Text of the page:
The reasons for high turnover can vary greatly from one organisation to the next, so there’s no one-size-fits-all solution to reducing it. Instead, we’d advise taking an objective look (or even getting outside help in assessing) your company’s culture.
Some of the most common areas for improvement that we’ve encountered include:
Many employees will gravitate to your organisation because of its reputation and if their expectations aren’t met - demoralisation can set in quickly. It’s hard to overstate the importance of leadership and management in retaining skilled staff and many employees won’t hesitate to flock to greener pastures if these are found lacking.
As covered in our post on the Peter Principle - many managers are thrust into the roles after succeeding in a non-managerial post. While they may be competent in performing their role, that’s no guarantee that they’ll be equally skilled in managing other staff in that position.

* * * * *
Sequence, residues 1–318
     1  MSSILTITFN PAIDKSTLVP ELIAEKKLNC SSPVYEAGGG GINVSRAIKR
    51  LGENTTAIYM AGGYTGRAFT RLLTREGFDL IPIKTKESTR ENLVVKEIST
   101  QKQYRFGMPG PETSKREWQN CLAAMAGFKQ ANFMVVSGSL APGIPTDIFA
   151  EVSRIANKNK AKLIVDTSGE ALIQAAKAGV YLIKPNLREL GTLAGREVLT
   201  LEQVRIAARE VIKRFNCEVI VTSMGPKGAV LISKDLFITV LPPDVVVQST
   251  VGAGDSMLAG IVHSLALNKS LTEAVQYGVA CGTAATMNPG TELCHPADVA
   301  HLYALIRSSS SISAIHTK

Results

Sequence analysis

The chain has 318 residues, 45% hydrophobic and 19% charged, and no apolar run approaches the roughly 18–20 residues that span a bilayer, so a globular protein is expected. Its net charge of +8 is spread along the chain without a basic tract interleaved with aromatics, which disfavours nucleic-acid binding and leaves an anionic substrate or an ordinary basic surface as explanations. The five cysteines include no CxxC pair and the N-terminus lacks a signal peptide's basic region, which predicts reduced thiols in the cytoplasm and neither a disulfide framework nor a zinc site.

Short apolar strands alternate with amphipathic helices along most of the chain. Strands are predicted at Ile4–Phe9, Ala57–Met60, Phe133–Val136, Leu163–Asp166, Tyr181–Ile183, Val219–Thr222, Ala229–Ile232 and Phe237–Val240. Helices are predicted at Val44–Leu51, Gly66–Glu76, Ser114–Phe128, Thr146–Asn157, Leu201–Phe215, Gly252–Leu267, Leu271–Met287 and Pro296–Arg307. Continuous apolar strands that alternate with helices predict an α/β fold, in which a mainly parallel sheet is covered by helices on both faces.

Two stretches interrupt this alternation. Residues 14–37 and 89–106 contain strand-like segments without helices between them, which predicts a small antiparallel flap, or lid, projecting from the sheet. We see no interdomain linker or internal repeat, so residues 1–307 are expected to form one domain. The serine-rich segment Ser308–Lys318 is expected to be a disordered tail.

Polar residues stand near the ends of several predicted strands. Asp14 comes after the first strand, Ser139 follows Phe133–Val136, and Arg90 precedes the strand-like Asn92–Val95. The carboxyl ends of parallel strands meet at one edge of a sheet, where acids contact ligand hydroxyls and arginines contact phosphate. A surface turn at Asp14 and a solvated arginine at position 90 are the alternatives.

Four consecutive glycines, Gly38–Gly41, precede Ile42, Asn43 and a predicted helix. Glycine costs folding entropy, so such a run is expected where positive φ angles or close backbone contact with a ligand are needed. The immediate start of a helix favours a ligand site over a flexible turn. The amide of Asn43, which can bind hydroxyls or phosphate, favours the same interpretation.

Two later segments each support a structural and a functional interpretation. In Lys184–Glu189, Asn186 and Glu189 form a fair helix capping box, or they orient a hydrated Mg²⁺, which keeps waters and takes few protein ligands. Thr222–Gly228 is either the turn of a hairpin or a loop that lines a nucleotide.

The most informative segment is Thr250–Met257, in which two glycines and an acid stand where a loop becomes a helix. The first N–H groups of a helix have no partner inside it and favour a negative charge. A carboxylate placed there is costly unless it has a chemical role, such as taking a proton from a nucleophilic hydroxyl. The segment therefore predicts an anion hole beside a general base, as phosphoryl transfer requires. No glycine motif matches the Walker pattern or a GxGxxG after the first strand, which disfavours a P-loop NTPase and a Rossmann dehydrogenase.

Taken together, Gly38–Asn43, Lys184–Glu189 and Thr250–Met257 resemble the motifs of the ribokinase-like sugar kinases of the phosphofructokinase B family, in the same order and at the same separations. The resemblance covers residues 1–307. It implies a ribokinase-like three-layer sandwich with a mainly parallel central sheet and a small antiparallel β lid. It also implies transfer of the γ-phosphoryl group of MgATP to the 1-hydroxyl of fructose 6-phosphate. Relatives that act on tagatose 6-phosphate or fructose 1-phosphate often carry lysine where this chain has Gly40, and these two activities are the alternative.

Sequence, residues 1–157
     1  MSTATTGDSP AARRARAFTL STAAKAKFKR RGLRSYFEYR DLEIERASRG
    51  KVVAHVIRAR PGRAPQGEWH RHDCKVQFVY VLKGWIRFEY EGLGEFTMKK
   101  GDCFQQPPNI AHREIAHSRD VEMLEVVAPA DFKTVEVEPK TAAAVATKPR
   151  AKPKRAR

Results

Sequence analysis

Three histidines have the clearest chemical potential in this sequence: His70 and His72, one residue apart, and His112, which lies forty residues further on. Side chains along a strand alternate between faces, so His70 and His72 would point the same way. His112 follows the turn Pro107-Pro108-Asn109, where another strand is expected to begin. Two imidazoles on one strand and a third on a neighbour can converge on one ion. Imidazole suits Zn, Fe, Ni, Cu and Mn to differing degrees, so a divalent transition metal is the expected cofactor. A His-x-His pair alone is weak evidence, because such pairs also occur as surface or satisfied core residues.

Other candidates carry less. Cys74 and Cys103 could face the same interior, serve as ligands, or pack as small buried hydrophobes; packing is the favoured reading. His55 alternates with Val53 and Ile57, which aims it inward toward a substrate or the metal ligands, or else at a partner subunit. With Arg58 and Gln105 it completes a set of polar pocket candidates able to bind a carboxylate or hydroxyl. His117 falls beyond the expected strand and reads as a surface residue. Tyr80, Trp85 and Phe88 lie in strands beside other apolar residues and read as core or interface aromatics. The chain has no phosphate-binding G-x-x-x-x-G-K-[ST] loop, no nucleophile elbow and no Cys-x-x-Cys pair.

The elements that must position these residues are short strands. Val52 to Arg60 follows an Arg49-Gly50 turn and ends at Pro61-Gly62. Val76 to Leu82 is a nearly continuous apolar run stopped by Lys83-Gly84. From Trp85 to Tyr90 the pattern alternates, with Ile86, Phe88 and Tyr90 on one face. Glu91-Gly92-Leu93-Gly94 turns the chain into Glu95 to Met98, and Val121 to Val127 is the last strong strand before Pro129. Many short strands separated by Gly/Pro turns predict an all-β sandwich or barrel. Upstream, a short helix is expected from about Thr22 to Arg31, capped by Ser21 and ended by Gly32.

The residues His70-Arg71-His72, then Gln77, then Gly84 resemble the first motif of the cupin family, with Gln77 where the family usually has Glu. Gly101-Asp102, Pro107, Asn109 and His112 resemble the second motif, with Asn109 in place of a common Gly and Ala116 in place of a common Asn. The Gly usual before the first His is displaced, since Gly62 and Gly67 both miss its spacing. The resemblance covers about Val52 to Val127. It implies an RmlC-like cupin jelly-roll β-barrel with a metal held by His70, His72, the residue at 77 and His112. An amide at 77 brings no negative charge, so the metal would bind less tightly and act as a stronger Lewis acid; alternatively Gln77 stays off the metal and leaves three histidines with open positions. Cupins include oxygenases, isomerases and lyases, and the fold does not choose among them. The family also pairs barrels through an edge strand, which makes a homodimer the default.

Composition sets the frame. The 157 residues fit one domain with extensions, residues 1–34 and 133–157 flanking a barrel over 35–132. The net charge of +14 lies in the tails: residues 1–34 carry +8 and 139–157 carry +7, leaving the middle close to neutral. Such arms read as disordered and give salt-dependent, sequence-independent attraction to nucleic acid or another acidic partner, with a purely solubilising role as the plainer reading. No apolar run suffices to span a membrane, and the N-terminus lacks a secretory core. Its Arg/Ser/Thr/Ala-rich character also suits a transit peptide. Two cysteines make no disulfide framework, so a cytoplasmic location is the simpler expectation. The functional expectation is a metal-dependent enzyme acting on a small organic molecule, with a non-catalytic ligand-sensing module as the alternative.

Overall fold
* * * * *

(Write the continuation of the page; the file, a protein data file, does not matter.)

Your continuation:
The answer to this lies in equipping managers with the skills they need to build fruitful and productive working relationships and while it may necessitate some up-front costs, should pay dividends in facilitating the smooth functioning of teams.
Nip problems in the bud
High turnover can often be symptomatic of bad hiring practices and while finding the right person for a role can be a perennial problem - there’s many steps you can take to improve your recruitment and stymie any potential culture or personality clashes before they become an issue.
Again, there’s an up-front cost of time and resource to consider, but by clearly setting out your hiring aims and the criteria by which you’ll judge the suitability of candidates - you can prevent having to repeat the exercise a few months down the line.
Improve your people focus